Academic journal article The Review of Metaphysics

Silence Revisited: Taking the Sight out of Auditory Qualities

Academic journal article The Review of Metaphysics

Silence Revisited: Taking the Sight out of Auditory Qualities

Article excerpt

In the beginning of the thirteenth book of the Odyssey, Homer describes the end of a discourse given by Odysseus stating:

He ceas'd; but left so pleasing on their ear

His voice, that listening still they seem'd to hear.

A pause of silence hush'd the shady rooms: ...(1)

Such a passage expresses the most distinctive elements that separate humankind from other known forms of life, namely, the ability to speak, to listen, and to perceive silence. Of these three capacities, perhaps the perception of silence, while fascinating, is also the most misunderstood.

At best, silence is a slippery topic. On the surface, silence might be easily explained as merely the absence of noise or the cessation of speech. Yet, these are only the dispositions for the experience of silence. Where silence can express itself in a solitary walk, the sadness of death, or in the calm of a serious argument, we are able to attribute various layers of meaning to the experience of silence as well as distinguish its presence qualitatively by employing such terms as deep silence,(2) true silence,(3) or open silence.(4)

My purpose in this essay is to pursue a discussion of silence along two lines--one negative, the other positive--in hopes of broadening the margins of how we think silence philosophically. First the negative. Studies in the past have investigated silence far too narrowly and abstractly. One recent study, by Dauenhauer, for example, delimits "the complex phenomenon" of silence by contrasting its essential connection with utterance or discourse.(5) Yet, as critics pointed out, silence may not bear any essential relationship to discourse per se. The essential link seems to arise from the more obvious contrast between silence and sound.(6) In other words, the dialectic between utterance and silence must be preceded by a much larger dialectic that must be taken into account first, namely, the dialectic between noise and silence.(7) Meanwhile, other studies, while adding valuable insights to the study of silence, have too easily turned it into an abstraction. Picard's study, for example, referred to silence as "an autonomous phenomenon," or worse, "a substance."(8) In places, Ihde refers to silence as a "non-experience" that lacks humanly perceived presence.(9)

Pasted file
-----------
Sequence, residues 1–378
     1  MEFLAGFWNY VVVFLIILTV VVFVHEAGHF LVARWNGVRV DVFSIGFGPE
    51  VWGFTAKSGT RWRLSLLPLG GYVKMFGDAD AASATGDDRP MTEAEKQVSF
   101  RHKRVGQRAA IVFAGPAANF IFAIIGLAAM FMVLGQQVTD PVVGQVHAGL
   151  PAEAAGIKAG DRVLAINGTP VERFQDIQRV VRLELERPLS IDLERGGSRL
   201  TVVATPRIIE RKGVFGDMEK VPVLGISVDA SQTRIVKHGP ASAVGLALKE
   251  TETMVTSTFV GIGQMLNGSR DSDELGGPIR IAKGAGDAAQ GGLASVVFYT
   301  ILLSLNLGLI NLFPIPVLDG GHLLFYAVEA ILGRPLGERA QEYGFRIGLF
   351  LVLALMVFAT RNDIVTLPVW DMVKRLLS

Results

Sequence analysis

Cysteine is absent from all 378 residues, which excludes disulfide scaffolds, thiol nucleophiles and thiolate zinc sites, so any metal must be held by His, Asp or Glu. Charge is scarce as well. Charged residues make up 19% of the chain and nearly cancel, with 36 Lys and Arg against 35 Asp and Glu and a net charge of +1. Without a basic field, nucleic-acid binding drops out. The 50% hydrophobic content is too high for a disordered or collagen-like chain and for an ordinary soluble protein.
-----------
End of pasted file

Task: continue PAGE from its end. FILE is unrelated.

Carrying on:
In regard to the perception of silence, I am suspicious of studies like the one by Dufrenne which disperses the unique significance of auditory perception into a general discussion of synaesthesia.(10) Undoubtedly, to my mind, there is something like synaesthesia at work in our embodiment in the life-world,(11) but such discussions of this general sensibility do not really account for the fact that the eye and ear are two distinctly different perceptual fields.(12) A general synthesis of this sort is a type of reductionism that tells us very little about the unique contribution of each of the physical and cognitive senses.

Then, there is the positive line of inquiry. Silence is essentially intertwined or equiprimordial with the fact that we make oral sounds, that we hear, and that we listen.(13) Silence is not an ideal presence that exists between the oral sounds of our verbal discourse. The oral sound, and the silence it punctuates, are both differing levels of audition. The sound of spoken words and silence do not stand in opposition to one another-they are modulations in our ability to perceive auditory qualities in the ambient environment.

It seems futile to continually insist on pitting silence against what we think to be its opposite, namely, what we hear and listen to. Is silence ever the ideal and the total other of sound? Does silence not lie somewhere on the scale that marks the entire range of sonic perceptions in the life-world? Are not the oral rhythms of voice and speech an integral part of these sonic-perceptions? In short, before any philosophical analysis of silence can be fruitful, it must be presumed that silence is foremost an aural perception that draws on our ability to make oral sounds and to listen. …

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